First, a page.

38. Portes, A., Fernández-Kelly, P., & Haller, W. (2005). Segmented assimilation on the ground: the new second generation in early adulthood. Ethnic and Racial Studies, 28(6), 1000–1040.  https://doi.org/10.1080/01419870500224117.CrossRefGoogle Scholar
  39. Prince Cooke, L., & Baxter, J. (2010). “Families” in international context: comparing institutional effects across western societies. Journal of Marriage and Family, 72(3), 516–536.  https://doi.org/10.1111/j.1741-3737.2010.00716.x.CrossRefGoogle Scholar
  40. Ray, R. (2008). A detailed look at parental leave policies in 21 OECD countries (C. f. E. a. P. Research, Trans.). Washington, DC: Center for Economic and Policy Research.Google Scholar
  41. Roeters, A., Lippe, T. V. D., & Kluwer, E. S. (2010). Work characteristics and parent‐child relationship quality: the mediating role of temporal involvement. Journal of Marriage and Family, 72(5), 1317–1328.  https://doi.org/10.1111/j.1741-3737.2010.00767.x.CrossRefGoogle Scholar
  42. Schwarzer, R., Jerusalem, M., Weinman, J., Wright, S., & Johnston, M. (1995). Generalized self-efficacy scale. In Measures in health psychology: a user’s portfolio. Causal and control beliefs (pp. 35–37). Windsor, England: NFER-NELSON.Google Scholar
  43. Shen, Y., Kim, S. Y., & Benner, A. D. (2019). Burdened or efficacious? Subgroups of Chinese American language brokers, predictors, and long-term outcomes. Journal of Youth and Adolescence, 48(1), 154–169.  https://doi.org/10.1007/s10964-018-0916-4.CrossRefPubMedGoogle Scholar
  44. Shortt, J. W., Stoolmiller, M., Smith‐Shine, J. N., Eddy, J. M., & Sheeber, L. (2010). Maternal emotion coaching, adolescent anger regulation, and siblings’ externalizing symptoms. Journal of Child Psychology and Psychiatry, 51(7), 799–808.  https://doi.org/10.1111/j.1469-7610.2009.02207.x.CrossRefPubMedGoogle Scholar
  45. Silbereisen, R. K., Eyferth, K., Silbereisen, R. K., Eyferth, K., & Rudinger, G. (1986). Development as action in context. In Development as action in context: problem behavior and normal youth development (pp. 3–16). Berlin, Heidelberg: Springer Berlin Heidelberg.CrossRefGoogle Scholar
  46. Stattin, H., & Kerr, M. (2000). Parental monitoring: a reinterpretation. Child Development, 71(4), 1072–1085.  https://doi.org/10.1111/1467-8624.00210.CrossRefPubMedPubMedCentralGoogle Scholar
  47. Stock, G., Bertram, H., Fürnkranz-Prskawetz, A., Holzgreve, W., Kohli, M., & Staudinger, U. M. (2012). Zukunft mit Kindern. Fertilität und gesellschaftliche Entwicklung in Deutschland, Österreich und der Schweiz. Frankfurt/New York, NY: Campus Verlag.Google Scholar
  48. Suarez-Orozco, C., Motti-Stefanidi, F., Marks, A., & Katsiaficas, D. (2018). An integrative risk and resilience model for understanding the adaptation of immigrant-origin children and youth. American Psychology, 73(6), 781–796.  https://doi.org/10.1037/amp0000265.CrossRefGoogle Scholar
  49. Telzer, E. H., & Fuligni, A. J. (2009). Daily family assistance and the psychological well-being of adolescents from Latin American, Asian, and European backgrounds. Developmental Psychology, 45(4), 1177–1189.  https://doi.org/10.1037/a0014728.CrossRefPubMedGoogle Scholar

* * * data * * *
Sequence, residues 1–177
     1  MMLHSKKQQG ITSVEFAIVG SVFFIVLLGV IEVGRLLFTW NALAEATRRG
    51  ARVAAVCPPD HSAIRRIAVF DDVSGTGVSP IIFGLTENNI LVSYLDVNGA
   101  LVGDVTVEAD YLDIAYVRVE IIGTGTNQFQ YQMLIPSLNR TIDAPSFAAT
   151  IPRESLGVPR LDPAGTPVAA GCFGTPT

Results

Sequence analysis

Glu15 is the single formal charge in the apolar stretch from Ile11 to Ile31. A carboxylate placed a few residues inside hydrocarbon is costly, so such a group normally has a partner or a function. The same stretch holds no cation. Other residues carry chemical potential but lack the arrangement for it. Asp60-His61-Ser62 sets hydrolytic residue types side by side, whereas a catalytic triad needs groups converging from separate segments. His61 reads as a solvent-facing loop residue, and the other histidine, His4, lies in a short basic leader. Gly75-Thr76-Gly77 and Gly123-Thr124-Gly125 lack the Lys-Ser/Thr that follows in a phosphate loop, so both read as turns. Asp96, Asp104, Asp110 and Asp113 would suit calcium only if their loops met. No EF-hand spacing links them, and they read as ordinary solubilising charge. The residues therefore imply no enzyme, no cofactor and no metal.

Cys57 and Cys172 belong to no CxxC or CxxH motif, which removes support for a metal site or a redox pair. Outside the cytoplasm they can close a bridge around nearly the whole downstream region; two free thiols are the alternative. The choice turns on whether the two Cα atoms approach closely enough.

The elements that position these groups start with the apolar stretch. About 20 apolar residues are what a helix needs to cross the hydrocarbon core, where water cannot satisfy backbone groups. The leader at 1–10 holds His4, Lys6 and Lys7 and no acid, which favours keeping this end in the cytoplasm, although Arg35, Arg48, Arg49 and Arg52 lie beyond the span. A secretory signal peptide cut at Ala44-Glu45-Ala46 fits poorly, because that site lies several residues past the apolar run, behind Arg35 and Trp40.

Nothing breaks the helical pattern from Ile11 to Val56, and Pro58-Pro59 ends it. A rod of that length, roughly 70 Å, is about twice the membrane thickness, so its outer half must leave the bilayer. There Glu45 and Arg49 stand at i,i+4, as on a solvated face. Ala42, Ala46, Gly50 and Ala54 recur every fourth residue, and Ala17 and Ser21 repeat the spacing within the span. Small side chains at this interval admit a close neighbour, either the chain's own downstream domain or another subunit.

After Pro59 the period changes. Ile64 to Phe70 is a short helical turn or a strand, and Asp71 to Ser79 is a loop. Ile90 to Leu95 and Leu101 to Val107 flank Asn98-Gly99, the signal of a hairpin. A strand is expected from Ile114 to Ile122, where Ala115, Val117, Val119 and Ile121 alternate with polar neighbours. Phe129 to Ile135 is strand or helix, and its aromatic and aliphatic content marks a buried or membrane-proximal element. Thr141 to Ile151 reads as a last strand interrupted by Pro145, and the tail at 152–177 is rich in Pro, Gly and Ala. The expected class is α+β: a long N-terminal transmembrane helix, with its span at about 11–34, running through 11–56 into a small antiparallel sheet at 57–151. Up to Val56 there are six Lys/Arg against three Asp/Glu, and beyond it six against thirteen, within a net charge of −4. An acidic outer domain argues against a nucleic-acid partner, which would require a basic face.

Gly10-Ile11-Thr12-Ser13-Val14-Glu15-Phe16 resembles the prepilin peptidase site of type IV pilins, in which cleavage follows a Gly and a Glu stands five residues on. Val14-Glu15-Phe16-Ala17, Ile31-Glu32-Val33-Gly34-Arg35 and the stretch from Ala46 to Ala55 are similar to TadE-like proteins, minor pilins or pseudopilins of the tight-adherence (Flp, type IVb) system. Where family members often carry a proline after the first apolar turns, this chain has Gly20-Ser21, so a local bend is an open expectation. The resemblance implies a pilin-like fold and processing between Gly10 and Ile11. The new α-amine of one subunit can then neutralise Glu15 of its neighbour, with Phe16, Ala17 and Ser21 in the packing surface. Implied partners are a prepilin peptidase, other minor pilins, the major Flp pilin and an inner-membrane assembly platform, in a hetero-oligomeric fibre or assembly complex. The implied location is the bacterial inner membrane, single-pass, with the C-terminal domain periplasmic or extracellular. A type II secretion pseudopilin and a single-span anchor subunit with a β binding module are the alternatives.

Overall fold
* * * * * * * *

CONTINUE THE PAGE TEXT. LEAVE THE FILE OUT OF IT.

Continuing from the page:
50. Titzmann, P. F. (2012). Growing up too soon? Parentification among immigrant and native adolescents in Germany. Journal of Youth and Adolescence, 41(7), 880–893.  https://doi.org/10.1007/s10964-011-9711-1.CrossRefPubMedGoogle Scholar
  51. Titzmann, P. F., & Lee, R. M. (2018). Adaptation of young immigrants: a developmental perspective on acculturation research. European Psychologist, 23(1), 72–82.  https://doi.org/10.1027/1016-9040/a000313.CrossRefGoogle Scholar
  52. Trickett, E. J., & Jones, C. J. (2007). Adolescent culture brokering and family functioning: a study of families from Vietnam. Cultural Diversity and Ethnic Minority Psychology, 13(2), 143–150.CrossRefGoogle Scholar
  53. Tse, L. (1995). Language Brokering among Latino adolescents: prevalence, attitudes, and school performance. Hispanic Journal of Behavioral Sciences, 17(2), 180–193.CrossRefGoogle Scholar
  54. United Nations (2017). International Migration Report 2017: Highlights. Retrieved from https://www.un.org/en/development/desa/population/migration/publications/migrationreport/docs/MigrationReport2017_Highlights.pdf.
  55. Updegraff, K. A., McHale, S. M., Whiteman, S. D., Thayer, S. M., & Delgado, M. Y. (2005). Adolescent sibling relationships in Mexican American families: exploring the role of familism. Journal of Family Psychology, 19(4), 512–522.  https://doi.org/10.1037/0893-3200.19.4.512.CrossRefPubMedPubMedCentralGoogle Scholar
  56. van de Vijver, F. J. R., & Poortinga, Y. H. (2002). Structural equivalence in multilevel research. Journal of Cross-Cultural Psychology, 33(2), 141–156.  https://doi.org/10.1177/0022022102033002002.CrossRefGoogle Scholar
  57. Vatter, A., Ledermann, S., Sager, F., & Zollinger, L. (2004). Familienpolitik auf Bundesebene. Bern, Büro Vatter: Im Auftrag des Bundesamts für Sozialversicherung.Google Scholar
  58. Wang, Z., & Miller, J. G. (2019). Cost and family obligation in everyday sacrifice to parents among European American and Chinese emerging adults. Cross-Cultural Research, 1069397119863422,  https://doi.org/10.1177/1069397119863422.
  59. Williams, G. A., Kibowski, F., Jason, L. A., & Glenwick, D. S. (2016). Latent class analysis and latent profile analysis. Handbook of methodological approached to community-based research. Qualitative, quantitative and mixed methods (pp. 143–153). Oxford: Oxford University Press.Google Scholar

Copyright information

© Springer Science+Business Media, LLC, part of Springer Nature 2019

Authors and Affiliations

  1. 1.Department of PsychologyLeibniz University HanoverHanoverGermany

Personalised recommendations